Actor: Alan Marshal, Alberto Sordi, Aldo Fabrizi, Alfred Hitchcock, Alicia Vikander, Alma Reville, Anatole Litvak, Anna Magnani, Anthony Perkins, Cary Grant, Cecil Parker, Clark Gable, Ed Sullivan, Ernest Borgnine, Fiorella Mariani, Gregory Peck, Humphrey Bogart, Ingmar Bergman, Ingrid Bergman, Isabella Rossellini, Isotta Rossellini, Jack Weston, Jean Renoir, Jeanine Basinger, Jennifer Jones, Liv Ullmann, Lyle Talbot, Mel Ferrer, Merv Griffin, Mervyn LeRoy, Pia Lindström, Roberto Rossellini, Sigourney Weaver, Spencer Tracy, Victor Fleming, Ward Bond, Yul Brynner

Director: Stig Björkman

Rating: Not Rated

Most computer screen films take the horror film route as a cautionary tale about technology and how we use it. However, when the world was on lockdown, one screenlife film takes a look at its positive side. Simple, straightforward, and comforting, Language Lessons celebrates technology as a means for connection. Through surprise Spanish lessons purchased by his husband, Adam (Mark Duplass) forms a friendship with his instructor Cariño (Natalie Morales). At times, watching the film feels like listening into someone else’s Zoom call, however, their back-and-forth feels engaging because of Morales and Duplass’ chemistry. And when loss hits, on both sides, it’s only natural that their relationship deepens as they console each other. Expressive without being melodramatic and intimate without being too pushy, Language Lessons is a rare optimistic take towards the way we connect to each other through technology.

Genre: Comedy, Drama, Romance

Actor: Desean Terry, Mark Duplass, Natalie Morales

Director: Natalie Morales

Rating: Not Rated

Even if it doesn't provide the most comprehensive information about treatment and care for multiple sclerosis (MS)—especially for those who can't afford a ridiculously expensive stem cell transplant—this isn't really the point of Introducing, Selma Blair. This is still mostly a biographical documentary about a (self-confessed) "not-so-famous" celebrity, who gets to be incredibly honest about some of the privilege she enjoys, and how that privilege still doesn't make MS any easier. Blair's determination, her sense of humor, and her articulate way of expressing herself keep the film from descending into total sadness, but it also never shies away from the uglier, more difficult parts of her journey.

Genre: Documentary

Actor: Selma Blair

Director: Rachel Fleit

From its title and premise, the hope for this kind of documentary would be for it to show some respect for the people who died from the Floridian opioid epidemic. At the very least, the film should dissuade people from the crimes documented here, by emphasizing the consequences of these actions. American Pain does not do this. It’s interesting to view how quickly the business gets out of hand for these unethical entrepreneurs – director Darren Foster reveals each development with enough style and flourish to be entertaining – but the film is clearly more fascinated with how the twins got away with drug dealing for so long. It’s a fun watch… if you forget people died from the events of this film.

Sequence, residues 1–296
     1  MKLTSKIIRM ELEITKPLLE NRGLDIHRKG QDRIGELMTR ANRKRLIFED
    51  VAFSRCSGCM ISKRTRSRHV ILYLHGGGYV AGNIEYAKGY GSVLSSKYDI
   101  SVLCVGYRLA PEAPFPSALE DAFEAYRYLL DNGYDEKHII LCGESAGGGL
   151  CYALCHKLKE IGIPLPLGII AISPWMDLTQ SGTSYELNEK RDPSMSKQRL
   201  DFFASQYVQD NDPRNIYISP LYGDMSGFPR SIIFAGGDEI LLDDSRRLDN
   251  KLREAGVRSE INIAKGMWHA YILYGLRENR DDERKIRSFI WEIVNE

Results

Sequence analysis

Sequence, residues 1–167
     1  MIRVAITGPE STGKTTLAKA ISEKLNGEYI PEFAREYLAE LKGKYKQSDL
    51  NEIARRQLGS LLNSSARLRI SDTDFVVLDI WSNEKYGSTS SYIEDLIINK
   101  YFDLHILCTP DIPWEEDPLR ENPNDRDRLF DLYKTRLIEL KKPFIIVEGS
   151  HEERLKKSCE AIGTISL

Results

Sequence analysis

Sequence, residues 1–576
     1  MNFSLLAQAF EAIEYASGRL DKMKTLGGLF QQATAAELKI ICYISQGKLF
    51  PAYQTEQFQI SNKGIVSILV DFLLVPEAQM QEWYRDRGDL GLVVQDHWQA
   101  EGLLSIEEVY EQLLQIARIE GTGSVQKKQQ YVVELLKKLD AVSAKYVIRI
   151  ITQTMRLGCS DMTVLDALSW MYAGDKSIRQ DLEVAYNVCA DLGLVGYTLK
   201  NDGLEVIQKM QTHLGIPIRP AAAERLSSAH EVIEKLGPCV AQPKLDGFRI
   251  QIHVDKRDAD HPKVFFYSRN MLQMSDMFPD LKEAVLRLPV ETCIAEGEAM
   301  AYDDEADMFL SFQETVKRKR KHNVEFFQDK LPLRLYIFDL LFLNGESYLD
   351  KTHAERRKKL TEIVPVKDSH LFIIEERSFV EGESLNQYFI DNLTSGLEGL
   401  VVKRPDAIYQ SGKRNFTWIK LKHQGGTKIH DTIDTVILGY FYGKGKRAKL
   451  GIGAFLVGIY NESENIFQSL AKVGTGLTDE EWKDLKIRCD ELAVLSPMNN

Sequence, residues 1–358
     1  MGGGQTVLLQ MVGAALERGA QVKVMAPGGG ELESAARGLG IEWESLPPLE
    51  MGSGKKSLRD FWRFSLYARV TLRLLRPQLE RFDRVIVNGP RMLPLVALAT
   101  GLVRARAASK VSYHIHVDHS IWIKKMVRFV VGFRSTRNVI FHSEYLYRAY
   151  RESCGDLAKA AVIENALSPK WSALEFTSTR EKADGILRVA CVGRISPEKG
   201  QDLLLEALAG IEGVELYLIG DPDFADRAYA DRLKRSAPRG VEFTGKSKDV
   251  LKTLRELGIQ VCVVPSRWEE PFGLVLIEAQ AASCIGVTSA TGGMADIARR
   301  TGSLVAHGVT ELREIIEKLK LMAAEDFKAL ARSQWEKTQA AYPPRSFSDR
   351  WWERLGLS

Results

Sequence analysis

Genre: Documentary

Director: Darren Foster

Rating: TV-MA

If you’ve ever been puzzled by “Greek life”, this documentary will go some way to demystifying that somewhat baffling phenomenon of American college culture. Bama Rush follows four hopefuls as they “rush” the University of Alabama’s sororities, a TikTok-viral weeklong recruitment process so cutthroat some candidates spend months preparing for it. The documentary digs deep into why these young women put so much time, energy, and money into joining what the film hints is a largely unforgiving and reductive element of campus life. What it finds is pretty affecting: they’re really just looking for acceptance and belonging.

Threaded throughout are director Rachel Fleit’s reflections on her own history with those motivations, having grown up with alopecia. Though it does illustrate that rushing isn’t so dissimilar from other quests for acceptance, this parallel is sometimes clunkily drawn — and can seem somewhat self-indulgent in places, given the documentary’s comparatively surface-level exploration of more systemic issues. A late development shifts Bama Rush into an even deeper self-reflexive mode, as the film itself becomes a contentious issue in the process it’s documenting. Despite its flaws, turns like this — and its participants’ extraordinary candor — help make Bama Rush an often illuminating look into an opaque world. 

Genre: Documentary, Drama

Director: Rachel Fleit

In the saturated sphere of sci-fi and superhero movies, Gray Matter just doesn’t cut it. The film, which was produced as part of the filmmaking workshop/reality show Project Greenlight, doesn’t add anything new, much less its own spin, to a story we’ve heard countless times: that of a young kid learning to harness her supernatural powers for the first time. If you’ve seen Carrie, Firestarter, or more recently Stranger Things, then you’ll be able to predict how most of Gray Matter turns out. It is watchable, sure, enjoyable even in the first few minutes where it promises a world chockful of lore, but it never fulfills that promise. To be fair, the performances are solid and the technicals maximize what limited resources the movie has (it looks more decent than you’d expect a small-budgeted sci-fi production to be), but the pros don’t outweigh the cons in this case. It’s simply too empty and generic to be elevated by anything else. 

Genre: Science Fiction

Actor: Andrew Liner, Garret Dillahunt, Jessica Frances Dukes, Mia Isaac

Director: Meko Winbush

Rating: PG-13